Promethean boards redefine the limits of classroom teaching

By John Son

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When first introduced, the Promethean board was highly controversial; partly for their cost amidst the financial crisis and partly because people questioned how useful they actually were.

The Promethean board allows teachers to practice new methods of educating their students from grades K through 12. Photo courtesy Ambler Elementary School.

Students thought the boards were useless but pretty cool. Many teachers had no idea how to use them. Parents thought they were a waste of tax money, especially since they were each $5,000 and time had to be invested to train teachers.

The Promethean boards serve a variety of purposes. Teachers can use them to show videos, display a virtual TI calculator, make Powerpoint presentations and write notes.

As someone interested in tech, I find the boards to be costly, as well as fascinating and useful. Their nearly limitless capabilities make them not only novel, but highly useful in a variety of classes, limited only by the ingenuity of the teacher. They foreshadow days of a highly technological education.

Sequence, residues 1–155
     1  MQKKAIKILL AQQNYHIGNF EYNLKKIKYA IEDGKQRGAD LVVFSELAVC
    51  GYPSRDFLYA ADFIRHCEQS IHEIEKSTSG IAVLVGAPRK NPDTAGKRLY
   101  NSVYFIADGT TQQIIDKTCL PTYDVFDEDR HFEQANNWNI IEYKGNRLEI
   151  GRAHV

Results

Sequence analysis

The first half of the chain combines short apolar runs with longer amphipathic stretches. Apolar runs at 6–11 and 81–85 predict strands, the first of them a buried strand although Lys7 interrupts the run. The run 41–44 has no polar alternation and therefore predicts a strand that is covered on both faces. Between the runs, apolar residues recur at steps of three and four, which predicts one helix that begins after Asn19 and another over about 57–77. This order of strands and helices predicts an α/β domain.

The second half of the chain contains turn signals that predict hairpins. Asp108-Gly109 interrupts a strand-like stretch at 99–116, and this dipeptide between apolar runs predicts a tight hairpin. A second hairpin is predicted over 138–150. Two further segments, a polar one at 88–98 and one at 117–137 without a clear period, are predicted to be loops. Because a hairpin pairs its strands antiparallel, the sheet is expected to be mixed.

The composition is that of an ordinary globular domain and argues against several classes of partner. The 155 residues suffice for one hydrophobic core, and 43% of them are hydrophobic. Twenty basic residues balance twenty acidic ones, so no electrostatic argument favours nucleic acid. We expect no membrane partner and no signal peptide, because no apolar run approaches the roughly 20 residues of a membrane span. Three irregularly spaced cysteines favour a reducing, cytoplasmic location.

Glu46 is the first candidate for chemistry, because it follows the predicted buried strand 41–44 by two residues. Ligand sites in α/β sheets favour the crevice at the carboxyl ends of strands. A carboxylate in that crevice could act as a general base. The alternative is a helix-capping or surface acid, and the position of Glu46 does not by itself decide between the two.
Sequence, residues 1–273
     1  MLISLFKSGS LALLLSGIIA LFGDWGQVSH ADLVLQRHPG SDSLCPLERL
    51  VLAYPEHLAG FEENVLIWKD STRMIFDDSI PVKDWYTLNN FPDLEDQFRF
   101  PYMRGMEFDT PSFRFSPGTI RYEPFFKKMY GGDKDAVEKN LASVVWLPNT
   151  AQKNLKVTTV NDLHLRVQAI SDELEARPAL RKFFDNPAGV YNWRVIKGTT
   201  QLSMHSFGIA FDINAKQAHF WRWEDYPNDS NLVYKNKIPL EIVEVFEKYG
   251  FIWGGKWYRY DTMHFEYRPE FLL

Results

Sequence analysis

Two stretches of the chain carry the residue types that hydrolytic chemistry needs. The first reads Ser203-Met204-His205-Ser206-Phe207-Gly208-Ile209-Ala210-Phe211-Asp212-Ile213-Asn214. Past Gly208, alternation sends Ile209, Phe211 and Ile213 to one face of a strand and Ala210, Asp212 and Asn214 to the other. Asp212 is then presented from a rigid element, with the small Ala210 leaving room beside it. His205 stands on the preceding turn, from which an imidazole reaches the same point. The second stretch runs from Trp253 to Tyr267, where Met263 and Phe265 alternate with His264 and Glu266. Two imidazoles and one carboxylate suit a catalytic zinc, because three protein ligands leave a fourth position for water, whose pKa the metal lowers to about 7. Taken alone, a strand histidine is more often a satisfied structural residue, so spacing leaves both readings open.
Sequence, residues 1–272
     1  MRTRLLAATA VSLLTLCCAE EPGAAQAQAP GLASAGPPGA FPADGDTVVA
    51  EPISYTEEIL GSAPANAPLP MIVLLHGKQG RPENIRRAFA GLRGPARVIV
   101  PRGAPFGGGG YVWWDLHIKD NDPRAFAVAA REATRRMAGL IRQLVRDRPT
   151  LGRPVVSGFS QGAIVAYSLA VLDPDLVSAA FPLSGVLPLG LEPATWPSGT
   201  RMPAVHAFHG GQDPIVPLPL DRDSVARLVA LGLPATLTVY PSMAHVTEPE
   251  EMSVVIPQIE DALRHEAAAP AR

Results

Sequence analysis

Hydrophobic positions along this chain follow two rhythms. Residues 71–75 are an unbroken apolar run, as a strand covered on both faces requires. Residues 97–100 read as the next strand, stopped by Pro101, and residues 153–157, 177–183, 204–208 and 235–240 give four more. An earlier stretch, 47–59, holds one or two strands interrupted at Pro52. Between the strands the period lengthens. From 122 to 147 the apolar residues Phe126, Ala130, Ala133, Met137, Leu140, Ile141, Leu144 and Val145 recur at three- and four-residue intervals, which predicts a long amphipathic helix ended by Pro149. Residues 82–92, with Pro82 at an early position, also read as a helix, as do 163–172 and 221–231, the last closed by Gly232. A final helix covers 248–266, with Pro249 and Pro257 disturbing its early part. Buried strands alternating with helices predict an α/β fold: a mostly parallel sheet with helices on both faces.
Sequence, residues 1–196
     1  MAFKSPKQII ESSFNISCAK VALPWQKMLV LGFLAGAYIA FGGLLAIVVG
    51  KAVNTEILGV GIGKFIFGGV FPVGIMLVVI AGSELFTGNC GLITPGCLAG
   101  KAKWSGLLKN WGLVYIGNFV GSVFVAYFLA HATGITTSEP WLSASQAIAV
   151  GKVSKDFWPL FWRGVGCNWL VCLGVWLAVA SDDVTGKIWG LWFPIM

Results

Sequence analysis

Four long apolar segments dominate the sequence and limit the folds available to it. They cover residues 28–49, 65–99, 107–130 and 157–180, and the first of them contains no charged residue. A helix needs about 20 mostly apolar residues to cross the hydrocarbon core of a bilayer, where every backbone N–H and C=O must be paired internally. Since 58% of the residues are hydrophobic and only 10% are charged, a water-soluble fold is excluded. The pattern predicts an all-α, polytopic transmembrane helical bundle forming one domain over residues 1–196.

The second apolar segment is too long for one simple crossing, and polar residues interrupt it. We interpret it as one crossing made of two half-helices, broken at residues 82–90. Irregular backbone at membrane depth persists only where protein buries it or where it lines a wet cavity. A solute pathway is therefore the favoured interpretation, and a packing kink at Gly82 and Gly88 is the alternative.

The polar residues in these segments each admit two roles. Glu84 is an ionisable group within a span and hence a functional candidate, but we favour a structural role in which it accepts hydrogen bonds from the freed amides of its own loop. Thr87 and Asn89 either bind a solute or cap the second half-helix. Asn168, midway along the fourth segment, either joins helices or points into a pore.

In Spanish, for example, we used the boards to participate in engaging activities to learn vocabulary. In math, the virtual TI calculator makes it easy to learn functions. In English, we were able to make and present powerpoints conveniently. And in classes like psychology, the boards are great for watching videos that illustrate the concepts we learn about.

Teachers also use the Promethean board survey eggs to take class-wide polls and make survey-based activities.

Teachers have similar opinions of the boards. They agree that the boards’ wide range of functions and greater interactive capabilities are useful. At the same time, many teachers agree that learning all the uses takes significant training that they don’t get.

But, as expensive as they are, we should consider ourselves fortunate to have such technological privileges.

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